The regional development of Russian regions is characterized by heterogeneity of all economic and social indicators. The uneven economic growth of the regions is a result of the ongoing economic reforms and economic changes. The economic and social potential allows the regions to develop economic sectors and has an important impact on interregional differentiation. The production component which forms an economic potential of the territory and can be assessed by the level of GRP per capita has a particular impact on spatial development. The social indicator differentiating the regions is the income level. An important factor of the economic and social development is the level of development of human capital which forms the economic potential of regions. The level of human capital development can be assessed by various methods using various indicators. In this article, the level of human capital development is assessed by the level of education. Interregional differentiation of the Russian regions is observed by most economic indicators. An array of Russian regions was formed. It allows for identification of the levels of inter-regional differentiation. The article determines regional heterogeneity and analyzes its dynamics.
Keywords: Interregional differentiationgross regional producthuman capitaleducational potential
At the present stage, the economic development of regions is characterized by high unevenness. Identification of factors and economic processes affecting regional stratification is an important research problem.
The study of the dynamics of interregional differentiation is a crucial issue. The article analyzes the level of development of Russian regions using various socio-economic indicators. Calculated coefficients of differentiation for a number of social and economic indicators evaluate regional development using different methods and approaches. The article analyzes the impact of GRP per capita, income level of the population and the educational potential of young people.
The main problem of the study is differentiation of the Russian regions using economic and social indicators. The process of regional heterogeneity depends on the economic growth and institutional transformations of the economy which have a significant impact on the level of regional development and changes in interregional differentiation.
According to the official statistical data, there are significant differences in the level of socio-economic development, quality of life and welfare (Wei, 2015).
Transition to the market economy influenced the level of differentiation of the Russian regions. The result of market transformations was an increase in heterogeneity of the socio-economic development of the regions, observed in almost all statistical, economic and social indicators. The problem of regional differentiation existed before, however, the level of heterogeneity was smoothed out with the help of administrative levers (Alexeev & Chernyavskiy, 2018).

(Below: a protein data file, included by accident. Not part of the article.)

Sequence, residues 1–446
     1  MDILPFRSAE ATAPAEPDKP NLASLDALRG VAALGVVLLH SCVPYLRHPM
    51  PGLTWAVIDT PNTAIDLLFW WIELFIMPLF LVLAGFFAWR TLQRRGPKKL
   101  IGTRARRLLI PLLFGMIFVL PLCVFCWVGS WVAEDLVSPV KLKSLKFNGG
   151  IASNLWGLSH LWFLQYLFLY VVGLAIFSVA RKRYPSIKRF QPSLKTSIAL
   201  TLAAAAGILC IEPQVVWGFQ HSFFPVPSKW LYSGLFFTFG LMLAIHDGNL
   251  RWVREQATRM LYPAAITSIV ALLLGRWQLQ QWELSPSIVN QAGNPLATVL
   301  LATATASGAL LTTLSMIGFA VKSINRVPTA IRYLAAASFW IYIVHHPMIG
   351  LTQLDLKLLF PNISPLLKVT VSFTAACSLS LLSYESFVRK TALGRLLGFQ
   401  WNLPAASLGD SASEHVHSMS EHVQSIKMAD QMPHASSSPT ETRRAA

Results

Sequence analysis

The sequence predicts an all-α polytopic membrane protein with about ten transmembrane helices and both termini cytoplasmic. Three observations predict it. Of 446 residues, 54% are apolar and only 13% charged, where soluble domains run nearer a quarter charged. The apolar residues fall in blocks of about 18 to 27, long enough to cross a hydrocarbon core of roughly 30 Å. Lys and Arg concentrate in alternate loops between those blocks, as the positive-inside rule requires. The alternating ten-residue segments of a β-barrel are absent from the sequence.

The uneven economic development of Russia has a pronounced regional focus: along with economically developed regions (Moscow, Tyumen Oblast, St. Petersburg) there are a large number of underdeveloped (depressed) territories (Chechen Republic, ...). In the Soviet era, there were interregional differences as well. The regional policies were aimed at gradual convergence of the levels of economic development of the regions and living standards of the population. In the post-reform period, the regulatory function of the state weakened which intensified interregional differentiation (Druzhinin, 2013; Tambovtsev, 2018).
Social and economic inequality of the Russian regions is determined by a number of objective factors: the uneven level of regional development during the period of structural transformations, the different level of investment attractiveness, differences in the institutional component of the territory, differences in the economic and geographical location and innovation potential. These and many other factors influence the dynamics of development of the Russian regions and affect the level of interregional differentiation (Glinskiy, Serga, Novikov, Litvintseva, & Bulkina, 2017).
These factors have an impact on the regional development, its dynamics and the degree of stratification. For example, infrastructural problems increase the number of regions which are remote from the economic centers which reduces growth opportunities.
Purpose of the Study